• FIGS. 3A-3B are diagrams of exemplary interfaces for configuring settings and/or parameters associated with the system of FIG. 1.
  • FIG. 3C is a diagram of an exemplary interface for displaying profile information to be used in the system of FIG. 1.
  • FIGS. 4-5 are diagrams of exemplary interfaces for configuring settings and/or parameters associated with the system of FIG. 1.
  • FIG. 6 is a block diagram of a messaging device, such as that featured in the system of FIG. 1.
  • FIGS. 7-9 are diagrams of exemplary interfaces for configuring settings and/or parameters associated with the system of FIG. 1.
  • FIG. 10 is a diagram of an exemplary notification message, such as that generated by the messaging device of FIG. 6.
  • FIGS. 11-15 are diagrams of exemplary interfaces for configuring settings and/or parameters associated with the system of FIG. 1.
  • FIGS. 16-17 are flow chart diagrams illustrating various embodiments of methods of message notification in accordance with the present disclosure.
  • FIGS. 18-23 represent flow diagrams of operations performed by a sender's messaging device and messaging devices of a recipient, such as that featured in the system of FIG. 1.
  • FIGS. 24-25 are flow chart diagrams illustrating embodiments of message notification methods.
  • DETAILED DESCRIPTION
  • Disclosed herein are systems and methods for message notification. To facilitate a description of various embodiments, an example system that can be used to implement the systems and methods for message notification is discussed with reference to the figures. Although this system is described in detail, it will be appreciated that this system is provided for purposes of illustration only and that various modifications are feasible.
  • For example, while several embodiments are described in connection with these drawings, there is no intent to limit the invention to the embodiment or embodiments disclosed herein. On the contrary, the intent is to cover all alternatives, modifications, and equivalents. Additionally, while the following description and accompanying drawing specifically describe an email messaging environment, it will be clear to one of ordinary skill in the art that the systems and methods presented herein may be extended to other messaging protocols such as text messaging (e.g., short messaging service), instant messaging (IM), etc. After the example system has been described, examples of operation of the system will be provided to explain one manner in which the system can be used to provide for new message notification.
  • FIG. 1 is a block diagram depicting an embodiment, among others, of a notification system 100. In this system, a user having a messaging device (e.g., an email configured processing device) R1 may wish to be notified of any or certain messages received on the device R1 from a communications network 110. For example, the user may not regularly check the particular device R1 for messages. Therefore, if the user receives a message on the device R1, the user may desire to be notified or alerted of the received message at another messaging device R2, R3 that the user also uses.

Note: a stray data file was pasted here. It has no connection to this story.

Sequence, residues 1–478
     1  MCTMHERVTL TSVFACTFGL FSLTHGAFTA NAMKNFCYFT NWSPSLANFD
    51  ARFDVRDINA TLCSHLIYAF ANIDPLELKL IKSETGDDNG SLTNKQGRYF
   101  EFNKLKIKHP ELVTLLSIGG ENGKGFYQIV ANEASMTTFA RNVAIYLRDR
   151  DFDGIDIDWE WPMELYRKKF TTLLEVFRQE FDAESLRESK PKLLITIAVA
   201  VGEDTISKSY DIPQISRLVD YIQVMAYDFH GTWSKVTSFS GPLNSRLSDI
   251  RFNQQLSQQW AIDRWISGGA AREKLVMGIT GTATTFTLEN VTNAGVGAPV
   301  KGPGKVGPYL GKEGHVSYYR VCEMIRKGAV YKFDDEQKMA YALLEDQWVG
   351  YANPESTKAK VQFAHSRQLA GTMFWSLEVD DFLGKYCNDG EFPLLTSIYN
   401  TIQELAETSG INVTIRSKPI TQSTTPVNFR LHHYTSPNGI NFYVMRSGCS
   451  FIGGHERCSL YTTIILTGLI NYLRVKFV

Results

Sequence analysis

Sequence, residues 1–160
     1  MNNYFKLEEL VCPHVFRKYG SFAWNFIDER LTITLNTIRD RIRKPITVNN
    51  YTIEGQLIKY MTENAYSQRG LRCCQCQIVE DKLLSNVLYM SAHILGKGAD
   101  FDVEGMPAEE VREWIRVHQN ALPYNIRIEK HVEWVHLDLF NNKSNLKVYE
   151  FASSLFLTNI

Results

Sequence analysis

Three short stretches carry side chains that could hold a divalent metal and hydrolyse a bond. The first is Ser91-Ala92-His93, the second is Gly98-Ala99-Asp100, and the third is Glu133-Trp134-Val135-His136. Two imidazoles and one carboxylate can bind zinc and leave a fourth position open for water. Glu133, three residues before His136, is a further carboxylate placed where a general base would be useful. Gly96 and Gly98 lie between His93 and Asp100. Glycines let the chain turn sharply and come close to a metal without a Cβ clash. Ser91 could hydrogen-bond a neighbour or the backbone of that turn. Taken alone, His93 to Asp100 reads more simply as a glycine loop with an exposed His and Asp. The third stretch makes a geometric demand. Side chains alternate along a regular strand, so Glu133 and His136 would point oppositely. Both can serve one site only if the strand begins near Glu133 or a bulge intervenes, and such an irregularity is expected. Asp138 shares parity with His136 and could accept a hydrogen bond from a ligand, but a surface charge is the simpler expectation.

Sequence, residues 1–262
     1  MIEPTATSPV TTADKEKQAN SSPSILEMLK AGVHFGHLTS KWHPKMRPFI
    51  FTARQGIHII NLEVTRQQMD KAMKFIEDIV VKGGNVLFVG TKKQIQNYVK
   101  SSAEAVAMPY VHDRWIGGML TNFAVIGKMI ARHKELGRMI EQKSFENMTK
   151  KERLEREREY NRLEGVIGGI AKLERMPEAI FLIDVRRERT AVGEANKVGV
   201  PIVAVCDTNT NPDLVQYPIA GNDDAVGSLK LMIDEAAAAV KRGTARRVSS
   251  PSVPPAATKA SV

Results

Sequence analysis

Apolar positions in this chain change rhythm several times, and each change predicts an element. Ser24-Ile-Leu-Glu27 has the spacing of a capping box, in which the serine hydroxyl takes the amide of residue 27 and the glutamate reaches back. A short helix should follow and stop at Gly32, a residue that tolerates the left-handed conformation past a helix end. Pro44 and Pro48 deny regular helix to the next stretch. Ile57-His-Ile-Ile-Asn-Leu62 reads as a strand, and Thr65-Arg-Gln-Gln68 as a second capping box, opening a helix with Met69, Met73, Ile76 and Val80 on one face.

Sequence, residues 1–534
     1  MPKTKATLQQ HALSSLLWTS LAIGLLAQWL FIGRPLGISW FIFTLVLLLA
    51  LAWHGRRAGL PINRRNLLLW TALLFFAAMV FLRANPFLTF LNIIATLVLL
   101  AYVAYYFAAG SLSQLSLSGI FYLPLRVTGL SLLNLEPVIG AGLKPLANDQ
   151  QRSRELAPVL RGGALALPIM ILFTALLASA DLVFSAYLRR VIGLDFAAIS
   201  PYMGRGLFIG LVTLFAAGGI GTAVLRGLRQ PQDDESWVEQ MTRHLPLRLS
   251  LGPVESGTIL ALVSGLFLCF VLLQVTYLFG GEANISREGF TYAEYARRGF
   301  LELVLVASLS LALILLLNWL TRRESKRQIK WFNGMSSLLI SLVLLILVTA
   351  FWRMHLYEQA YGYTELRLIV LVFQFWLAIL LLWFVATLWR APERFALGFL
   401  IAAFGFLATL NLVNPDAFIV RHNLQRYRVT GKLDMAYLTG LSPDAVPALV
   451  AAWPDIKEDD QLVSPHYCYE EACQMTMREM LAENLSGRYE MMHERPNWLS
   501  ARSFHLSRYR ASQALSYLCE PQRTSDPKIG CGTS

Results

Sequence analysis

• The communication network 110 enables network devices to communicate. For example, the user's messaging device R1 is shown to be coupled to the network 110. Also, another user's messaging device S is shown to be coupled to the network 110. Messaging devices, such as the messaging devices S and R1, are used to send electronic messages to other messaging devices. Therefore, a user of the messaging device S may send an electronic message to the messaging device R1.
  • In accordance with an embodiment of the present disclosure, the messaging device R1 may be configured to send a notification message to another messaging device, such as the messaging device R2, of the user (e.g., recipient). According to exemplary embodiments, the notification message is intended to inform or alert the recipient of the arrival of the new message (sent by the messaging device S) at the messaging device R1.
  • The messaging device R1 may be configured to send such a notification message to another messaging device, such as the messaging device R2, on the network 110 which is also used (and may also be more regularly used) by the recipient. After the recipient is informed of the arrival of the new message via the notification message, the recipient may then access the new message remotely from the messaging device R1.
  • The messaging device R1 may also be configured to send a notification message to another messaging device, such as the messaging device R3, that is part of another or secondary messaging network 120. To do so, the notification message may be sent to a gateway device G from the messaging device R1. The gateway device G formats the notification message in an acceptable format for the secondary messaging network 120 and then sends the notification message to the messaging device R3 which is coupled to the secondary messaging network 120. A variety of gateway devices and secondary messaging networks 120 may be implemented in various embodiments. For example, a wireless telephone network, a short-messaging service, a voicemail network (e.g., AMIS (Automated Messaging Interface Specification), VMIP (Voice Profile for Internet Mail)), a PSTN (Public Switched Telephone Network) network, etc. and corresponding gateways can all be used as secondary networks in one or more different embodiments.